Antioxidants are best received from food. Plants contain hundreds of compounds which work in unknown ways. The science needed to discover them doesn’t exist yet, so it’s impossible to bottle them in supplement form. We simply don’t have the formula to recreate all that a plant feeds us. Antioxidants are made up of hundreds of elements and supplements only contain one to ten of these isolated components. Just one fruit of vegetable can contain more than 150 compounds. A famous study, the CARET study, showed that antioxidant supplements actually cause more harm in the body, offering little benefit. Dr. Michael R. Eades puts it perfectly, “It’s almost always better to pop the plant than to pop the pill.”

The recipe is as simple as it gets. With an abundance of antioxidants and healthy fat, you could eat a variation of it every day for a nutrition boost. Throw some fish on top and you have a complete meal.

Greek Salad

Makes 6 servings.

2 cups zucchini – chopped
1 cup carrots – chopped
2 cups tomatoes – seeded and chopped
1 1/2 cups avocado – chopped
1 cup cucumber – seeded and chopped
1/2 cup Kalamata olives
1/4 cup feta – crumbled (optional)

juice of 1 lemon – about 1/4 cup

1 tsp coarse sea salt
2 cloves garlic – minced
3 tbsp olive oil

►In a large bowl, whisk together lemon, garlic, sea salt and then drizzle in olive oil.
►Toss zucchini, carrots, cucumber, tomatoes, avocado and olives together with the dressing in the bowl. Add in feta just before serving.


Risk factors for lung cancer and for intervention effects in CARET, the Beta-Carotene and Retinol Efficacy Trial,

Protein Power Life Plan, Drs. Michael R. and Mary Dan Eades,

Roasted Heirloom Tomato Salsa

Roasted Heirloom Tomato Salsa

Pick up a tomato and bite right into it. If the juices drip down to your elbows then you know you have a good one. I once passed a road side farm stand in Arkansas that read, “elbow licking good!” I pulled over and bought two bags.

Now that I’m in Brooklyn, I’m tasting the bounty of the Northeast. And I must say the tomatoes up here are just as flavor-packed as the Southern ones. The colorful heirloom variety are my favorite and I tend to get overzealous when I see beautiful produce. That’s why I came home with over three pounds of tomatoes.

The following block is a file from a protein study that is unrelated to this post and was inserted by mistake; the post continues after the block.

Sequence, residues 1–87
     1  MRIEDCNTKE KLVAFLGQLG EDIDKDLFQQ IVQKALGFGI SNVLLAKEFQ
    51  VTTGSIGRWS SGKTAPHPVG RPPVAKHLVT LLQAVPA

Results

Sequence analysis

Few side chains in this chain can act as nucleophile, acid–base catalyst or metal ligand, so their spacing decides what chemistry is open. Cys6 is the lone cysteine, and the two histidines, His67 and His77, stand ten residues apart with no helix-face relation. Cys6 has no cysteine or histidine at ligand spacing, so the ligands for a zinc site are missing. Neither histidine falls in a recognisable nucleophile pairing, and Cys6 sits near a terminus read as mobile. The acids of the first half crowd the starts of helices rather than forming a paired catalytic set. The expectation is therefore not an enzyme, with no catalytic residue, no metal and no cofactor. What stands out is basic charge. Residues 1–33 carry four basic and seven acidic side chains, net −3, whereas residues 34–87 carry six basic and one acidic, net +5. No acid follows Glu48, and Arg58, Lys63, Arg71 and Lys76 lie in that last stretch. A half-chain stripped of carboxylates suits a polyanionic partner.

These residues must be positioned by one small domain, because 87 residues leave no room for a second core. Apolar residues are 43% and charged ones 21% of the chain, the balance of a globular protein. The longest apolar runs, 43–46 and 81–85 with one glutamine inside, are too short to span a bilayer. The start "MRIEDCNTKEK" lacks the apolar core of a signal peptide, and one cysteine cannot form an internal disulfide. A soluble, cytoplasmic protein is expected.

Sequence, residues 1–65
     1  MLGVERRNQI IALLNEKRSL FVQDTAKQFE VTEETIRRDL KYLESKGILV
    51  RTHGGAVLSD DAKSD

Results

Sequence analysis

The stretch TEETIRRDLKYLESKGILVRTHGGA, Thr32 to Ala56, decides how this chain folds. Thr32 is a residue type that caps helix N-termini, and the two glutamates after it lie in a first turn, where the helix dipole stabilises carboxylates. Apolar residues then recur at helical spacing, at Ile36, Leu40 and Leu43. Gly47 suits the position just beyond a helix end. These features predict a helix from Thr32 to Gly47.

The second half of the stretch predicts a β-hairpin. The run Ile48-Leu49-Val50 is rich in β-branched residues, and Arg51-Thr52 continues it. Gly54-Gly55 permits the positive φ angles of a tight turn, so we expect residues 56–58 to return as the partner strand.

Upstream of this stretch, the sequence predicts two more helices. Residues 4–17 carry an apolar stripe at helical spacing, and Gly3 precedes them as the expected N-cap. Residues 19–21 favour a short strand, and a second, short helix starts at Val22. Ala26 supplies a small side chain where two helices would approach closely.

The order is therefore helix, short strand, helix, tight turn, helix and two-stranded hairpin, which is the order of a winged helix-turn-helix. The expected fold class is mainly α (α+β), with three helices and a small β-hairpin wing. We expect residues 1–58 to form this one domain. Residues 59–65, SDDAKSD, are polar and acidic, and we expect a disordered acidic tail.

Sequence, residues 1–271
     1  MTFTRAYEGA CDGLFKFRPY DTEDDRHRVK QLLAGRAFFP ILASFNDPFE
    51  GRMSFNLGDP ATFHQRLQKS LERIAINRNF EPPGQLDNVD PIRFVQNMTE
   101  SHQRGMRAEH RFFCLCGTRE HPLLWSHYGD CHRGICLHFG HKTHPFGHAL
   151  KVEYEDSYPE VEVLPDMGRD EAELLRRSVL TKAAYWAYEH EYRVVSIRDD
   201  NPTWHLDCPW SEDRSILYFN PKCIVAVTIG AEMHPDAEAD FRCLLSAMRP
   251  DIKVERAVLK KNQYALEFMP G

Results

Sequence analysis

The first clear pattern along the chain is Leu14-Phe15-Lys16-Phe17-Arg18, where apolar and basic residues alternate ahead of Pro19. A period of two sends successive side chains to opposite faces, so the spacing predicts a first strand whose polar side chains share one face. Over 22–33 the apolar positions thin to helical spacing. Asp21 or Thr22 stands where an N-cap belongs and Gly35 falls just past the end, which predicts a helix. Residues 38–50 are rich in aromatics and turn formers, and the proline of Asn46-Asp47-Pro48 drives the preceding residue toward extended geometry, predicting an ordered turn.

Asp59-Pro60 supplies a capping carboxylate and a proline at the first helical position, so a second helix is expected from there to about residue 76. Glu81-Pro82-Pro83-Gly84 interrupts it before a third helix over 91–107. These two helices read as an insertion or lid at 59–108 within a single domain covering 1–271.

Typically I just buy things based on their aesthetics and find out how to prepare them later. This time though I actually had a plan. My husband has been dreaming of homemade salsa and I wanted to try a new variation. I also wanted to prolong the shelf life by roasting the vegetables first. This recipe is heavy on the garlic so feel free to tone it down if it’s not your thing.

Tomatoes contain carotenoids: alpha- and beta-carotene, lutein, and lycopene. These act as antioxidants to help protect your cells. In order to be properly absorbed in the body though they must be consumed with fat in your diet. Add some good olive oil to whatever meal you’re enjoying with the salsa. In my attempt to minimize chip intake, I reach for zucchini and pepper slices to satisfy crunch cravings then drizzle olive oil on top of the salsa.

Roasted Heirloom Tomato Salsa

Roasted Heirloom Tomato Salsa

Makes about 2 cups.

1 lb variety of heirloom tomatoes – cut in half
1 tsp salt, plus more to taste
1 medium jalapeño pepper – sliced in half
4 medium cloves garlic – peeled
1 medium red onion – peeled and quartered
1/3 cup loosely chopped fresh cilantro
2 tsp freshly squeezed lime juice or 1/2 a lime

►Preheat broiler. Line a large rimmed backing sheet with aluminum foil. Place all tomatoes skin side down on the pan. Sprinkle salt over the tomatoes. Add the jalapeño, garlic and onion to the pan and place in broiler for 20-30 minutes, or until the vegetables begin to blacken. Remove from the oven and let cool for ten minutes.

►Remove the stem and seeds from the jalapeño. Place tomatoes, jalapeño, garlic and onion in a food processor. Process for 1 minute until all is finely chopped. Add in the cilantro and lime juice, pulsing a few times to combine.

►Store in a glass jar for up to one week.